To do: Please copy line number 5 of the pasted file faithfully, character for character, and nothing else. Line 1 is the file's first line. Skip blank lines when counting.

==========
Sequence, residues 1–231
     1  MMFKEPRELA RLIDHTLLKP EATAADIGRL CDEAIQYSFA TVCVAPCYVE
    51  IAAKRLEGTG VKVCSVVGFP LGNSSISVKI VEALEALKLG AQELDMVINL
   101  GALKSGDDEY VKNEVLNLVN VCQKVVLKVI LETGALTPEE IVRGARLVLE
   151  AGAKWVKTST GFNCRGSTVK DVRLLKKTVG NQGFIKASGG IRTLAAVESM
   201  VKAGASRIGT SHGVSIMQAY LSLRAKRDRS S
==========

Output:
   151  AGAKWVKTST GFNCRGSTVK DVRLLKKTVG NQGFIKASGG IRTLAAVESM